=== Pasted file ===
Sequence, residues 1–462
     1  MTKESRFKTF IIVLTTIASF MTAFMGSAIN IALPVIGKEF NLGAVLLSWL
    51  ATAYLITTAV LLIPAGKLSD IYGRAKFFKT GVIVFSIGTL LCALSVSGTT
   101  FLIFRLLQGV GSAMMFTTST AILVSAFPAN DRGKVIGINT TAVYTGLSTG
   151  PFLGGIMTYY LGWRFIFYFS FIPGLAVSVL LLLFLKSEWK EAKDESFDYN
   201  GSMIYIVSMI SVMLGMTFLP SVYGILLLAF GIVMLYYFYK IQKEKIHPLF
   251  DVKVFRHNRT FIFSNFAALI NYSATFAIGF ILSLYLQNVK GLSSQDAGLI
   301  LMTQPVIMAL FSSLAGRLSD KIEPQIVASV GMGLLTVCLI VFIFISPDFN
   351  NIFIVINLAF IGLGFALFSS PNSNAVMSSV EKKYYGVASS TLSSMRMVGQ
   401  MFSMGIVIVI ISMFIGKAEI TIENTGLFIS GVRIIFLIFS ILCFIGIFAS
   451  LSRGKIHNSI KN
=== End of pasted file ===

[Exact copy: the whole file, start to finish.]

Sequence, residues 1–462
     1  MTKESRFKTF IIVLTTIASF MTAFMGSAIN IALPVIGKEF NLGAVLLSWL
    51  ATAYLITTAV LLIPAGKLSD IYGRAKFFKT GVIVFSIGTL LCALSVSGTT
   101  FLIFRLLQGV GSAMMFTTST AILVSAFPAN DRGKVIGINT TAVYTGLSTG
   151  PFLGGIMTYY LGWRFIFYFS FIPGLAVSVL LLLFLKSEWK EAKDESFDYN
   201  GSMIYIVSMI SVMLGMTFLP SVYGILLLAF GIVMLYYFYK IQKEKIHPLF
   251  DVKVFRHNRT FIFSNFAALI NYSATFAIGF ILSLYLQNVK GLSSQDAGLI
   301  LMTQPVIMAL FSSLAGRLSD KIEPQIVASV GMGLLTVCLI VFIFISPDFN
   351  NIFIVINLAF IGLGFALFSS PNSNAVMSSV EKKYYGVASS TLSSMRMVGQ
   401  MFSMGIVIVI ISMFIGKAEI TIENTGLFIS GVRIIFLIFS ILCFIGIFAS
   451  LSRGKIHNSI KN